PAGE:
Abortion Pill Facts


The abortion pill is a non-surgical alternative procedure to terminate a pregnancy. If administered in the early stages, it can be an effective method for a woman who is not comfortable with other more invasive options. The pill has been approved by the FDA, and there are no long-term effects on future fertility. A woman may go on to have healthy pregnancies after using the abortion pill, says the Feminist Women's Health Center (March 23, 2009).

What is the Abortion Pill?

  • RU-486, commonly known as the abortion pill, is a prescription drug used to terminate an early pregnancy. In the United States it is sold as Mifeprex or Early Option, according to RU486Facts.org.

How Does it Work?

  • RU-486 works by blocking progesterone, a hormone that is needed to continue a pregnancy, with the drug Mifepristone, an artificial steroid. Misoprostol, a prostaglandin, is given 48 hours later to induce uterine contractions and expel the embryo, says the Feminist Women's Health Center (March 23, 2009).

When should I take the Abortion Pill?

  • The abortion pill must only be taken if it has been LESS than 49 days from your last menstrual period. When taken later, the effectiveness drops and the incidence of complications can occur, according to RU-486Facts.org.

    When both drugs are taken as directed, the effectiveness can be 95-97% if taken within the first two weeks of pregnancy, according to Feminist Women's Health Center (March 23, 2009).

Where Can I get the Abortion Pill?

  • Only doctors who meet stringent qualifications are supplied Mifepristone. The abortion pill is not available for purchase over the counter and is not legally sold on the Internet.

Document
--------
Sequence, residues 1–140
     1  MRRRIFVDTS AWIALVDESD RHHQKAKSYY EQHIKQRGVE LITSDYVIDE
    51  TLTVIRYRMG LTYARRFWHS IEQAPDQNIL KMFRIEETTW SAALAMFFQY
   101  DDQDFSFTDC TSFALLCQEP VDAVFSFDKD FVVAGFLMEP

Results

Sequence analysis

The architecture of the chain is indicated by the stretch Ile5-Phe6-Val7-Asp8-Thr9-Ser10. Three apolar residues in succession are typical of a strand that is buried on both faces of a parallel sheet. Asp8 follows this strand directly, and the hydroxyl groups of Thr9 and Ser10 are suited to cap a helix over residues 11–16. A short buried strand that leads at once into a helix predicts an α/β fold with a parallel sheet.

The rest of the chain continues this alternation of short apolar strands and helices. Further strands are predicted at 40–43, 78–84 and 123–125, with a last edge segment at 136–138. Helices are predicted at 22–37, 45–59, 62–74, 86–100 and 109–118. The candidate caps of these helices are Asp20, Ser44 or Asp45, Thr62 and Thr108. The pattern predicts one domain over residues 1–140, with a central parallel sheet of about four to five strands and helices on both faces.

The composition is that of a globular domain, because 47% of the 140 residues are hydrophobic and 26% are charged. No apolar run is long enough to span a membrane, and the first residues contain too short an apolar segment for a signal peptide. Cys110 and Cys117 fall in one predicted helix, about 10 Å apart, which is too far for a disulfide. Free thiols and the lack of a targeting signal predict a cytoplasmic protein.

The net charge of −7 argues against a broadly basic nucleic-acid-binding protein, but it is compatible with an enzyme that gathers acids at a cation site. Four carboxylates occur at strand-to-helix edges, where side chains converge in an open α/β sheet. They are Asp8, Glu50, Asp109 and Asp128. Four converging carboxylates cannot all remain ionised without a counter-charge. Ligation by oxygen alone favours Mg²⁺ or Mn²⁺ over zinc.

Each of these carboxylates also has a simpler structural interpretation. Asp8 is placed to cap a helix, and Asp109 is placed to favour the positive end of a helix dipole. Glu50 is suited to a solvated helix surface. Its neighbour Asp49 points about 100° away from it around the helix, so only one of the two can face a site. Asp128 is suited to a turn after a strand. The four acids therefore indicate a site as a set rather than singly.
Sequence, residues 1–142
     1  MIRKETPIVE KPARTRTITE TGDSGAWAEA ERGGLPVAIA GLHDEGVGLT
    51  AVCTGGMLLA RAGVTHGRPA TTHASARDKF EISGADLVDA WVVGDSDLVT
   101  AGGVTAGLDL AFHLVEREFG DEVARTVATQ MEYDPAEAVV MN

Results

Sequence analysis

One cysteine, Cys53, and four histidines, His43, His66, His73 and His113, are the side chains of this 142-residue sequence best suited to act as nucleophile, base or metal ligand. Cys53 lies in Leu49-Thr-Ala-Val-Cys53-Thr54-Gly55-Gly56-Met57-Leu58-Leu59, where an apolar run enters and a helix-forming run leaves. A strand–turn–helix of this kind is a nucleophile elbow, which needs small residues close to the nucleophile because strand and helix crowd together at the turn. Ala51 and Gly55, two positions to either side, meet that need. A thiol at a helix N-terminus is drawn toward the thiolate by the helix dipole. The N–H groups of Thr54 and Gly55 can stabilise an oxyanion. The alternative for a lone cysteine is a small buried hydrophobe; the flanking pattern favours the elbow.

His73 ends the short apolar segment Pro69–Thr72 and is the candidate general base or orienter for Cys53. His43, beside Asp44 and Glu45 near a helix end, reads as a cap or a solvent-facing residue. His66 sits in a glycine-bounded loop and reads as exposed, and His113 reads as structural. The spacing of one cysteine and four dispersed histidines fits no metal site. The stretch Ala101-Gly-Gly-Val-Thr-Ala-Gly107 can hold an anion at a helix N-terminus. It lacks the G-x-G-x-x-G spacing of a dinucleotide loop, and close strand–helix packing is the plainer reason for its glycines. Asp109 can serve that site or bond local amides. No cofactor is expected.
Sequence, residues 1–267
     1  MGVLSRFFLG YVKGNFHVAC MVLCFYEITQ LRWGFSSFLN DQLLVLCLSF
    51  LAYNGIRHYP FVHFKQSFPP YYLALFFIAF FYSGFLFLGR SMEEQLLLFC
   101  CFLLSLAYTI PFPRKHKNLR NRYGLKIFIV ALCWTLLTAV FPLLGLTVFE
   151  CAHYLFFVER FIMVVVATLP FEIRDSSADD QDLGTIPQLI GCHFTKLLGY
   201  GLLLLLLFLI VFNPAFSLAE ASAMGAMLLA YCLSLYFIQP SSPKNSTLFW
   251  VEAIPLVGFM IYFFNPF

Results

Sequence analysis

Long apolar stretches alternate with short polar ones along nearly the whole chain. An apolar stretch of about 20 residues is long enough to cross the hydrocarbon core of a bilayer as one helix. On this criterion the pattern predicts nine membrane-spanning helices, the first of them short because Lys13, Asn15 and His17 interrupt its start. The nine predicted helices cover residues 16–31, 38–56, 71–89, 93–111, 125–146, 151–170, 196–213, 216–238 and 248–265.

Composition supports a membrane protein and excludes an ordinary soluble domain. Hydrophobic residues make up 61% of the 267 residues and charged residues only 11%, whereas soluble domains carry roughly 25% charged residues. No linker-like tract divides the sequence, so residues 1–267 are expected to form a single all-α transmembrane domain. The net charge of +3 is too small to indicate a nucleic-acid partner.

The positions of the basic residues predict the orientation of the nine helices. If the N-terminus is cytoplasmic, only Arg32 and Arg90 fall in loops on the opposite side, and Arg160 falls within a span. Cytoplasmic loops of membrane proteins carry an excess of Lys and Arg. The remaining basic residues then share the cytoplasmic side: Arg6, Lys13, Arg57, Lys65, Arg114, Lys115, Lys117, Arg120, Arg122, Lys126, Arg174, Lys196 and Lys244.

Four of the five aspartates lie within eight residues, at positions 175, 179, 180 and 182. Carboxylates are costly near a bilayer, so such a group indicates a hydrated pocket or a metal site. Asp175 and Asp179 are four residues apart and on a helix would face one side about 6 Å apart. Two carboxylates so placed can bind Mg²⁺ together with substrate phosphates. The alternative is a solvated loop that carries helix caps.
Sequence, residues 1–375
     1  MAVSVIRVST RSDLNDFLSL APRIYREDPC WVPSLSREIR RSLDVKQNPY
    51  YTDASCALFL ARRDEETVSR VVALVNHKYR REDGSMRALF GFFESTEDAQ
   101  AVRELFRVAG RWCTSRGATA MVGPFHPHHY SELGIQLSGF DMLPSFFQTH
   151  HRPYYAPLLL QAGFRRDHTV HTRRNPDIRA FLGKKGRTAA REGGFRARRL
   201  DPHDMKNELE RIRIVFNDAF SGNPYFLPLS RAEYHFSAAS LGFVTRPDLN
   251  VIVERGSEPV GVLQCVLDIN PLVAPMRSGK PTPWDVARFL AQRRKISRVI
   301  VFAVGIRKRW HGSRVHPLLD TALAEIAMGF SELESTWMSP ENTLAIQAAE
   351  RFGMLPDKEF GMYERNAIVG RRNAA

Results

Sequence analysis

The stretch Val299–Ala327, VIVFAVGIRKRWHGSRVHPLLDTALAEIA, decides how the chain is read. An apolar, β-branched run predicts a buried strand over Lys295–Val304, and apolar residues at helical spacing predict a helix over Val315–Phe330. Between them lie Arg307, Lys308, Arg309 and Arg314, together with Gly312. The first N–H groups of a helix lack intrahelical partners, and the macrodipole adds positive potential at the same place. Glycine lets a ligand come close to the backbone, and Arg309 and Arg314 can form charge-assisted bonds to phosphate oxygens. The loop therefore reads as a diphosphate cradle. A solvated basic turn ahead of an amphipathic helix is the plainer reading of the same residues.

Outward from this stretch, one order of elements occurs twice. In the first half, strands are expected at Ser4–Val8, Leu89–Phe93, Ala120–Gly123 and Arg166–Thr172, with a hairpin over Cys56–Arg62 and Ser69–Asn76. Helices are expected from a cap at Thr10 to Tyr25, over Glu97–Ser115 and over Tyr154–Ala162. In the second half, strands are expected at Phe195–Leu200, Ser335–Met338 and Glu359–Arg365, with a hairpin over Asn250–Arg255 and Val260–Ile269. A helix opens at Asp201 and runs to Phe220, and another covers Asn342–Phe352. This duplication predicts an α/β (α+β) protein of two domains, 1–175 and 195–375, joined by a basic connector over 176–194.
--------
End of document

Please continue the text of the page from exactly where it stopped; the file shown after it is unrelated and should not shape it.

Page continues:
Clinics with a high rate of abortions are more likely to offer RU-486 as an option, according to RU486Facts.org

Side Effects

  • The side effects of the abortion pill are heavy bleeding, nausea, vomiting, diarrhea, headache and painful cramping. These are mainly caused by the second drug administered, Misoprostol.


  • RU-486, the abortion pill, is not the same as the morning after pill, which is known as Plan B. They are two completely different medications that are to be used for different situations.
    Plan B, or the "Morning After Pill," contains the same medications as regular birth control and is meant to prevent pregnancy. The abortion pill is used to terminate an existing pregnancy after is has been established, the Feminist Women's Health Center (March 23, 2009) clearly states.


  • If you have certain conditions the abortion pill may not be for you. Blood-clotting disorders, adrenal failure, severe anemia and inherited porphyria are all reasons that RU-486 may not be a good choice for you. Other factors would be adrenal failure, severe anemia, ectopic pregnancy and an allergy to the medications contained in the abortion pill, says Feminist Women's Health Center (March 23, 2009).
    A woman must carefully consider all risk factors before taking any abortion pill.
    An increased risk of sepsis (a severe infection in the blood), is also reported with RU-486, according to the Food and Drug Administration.

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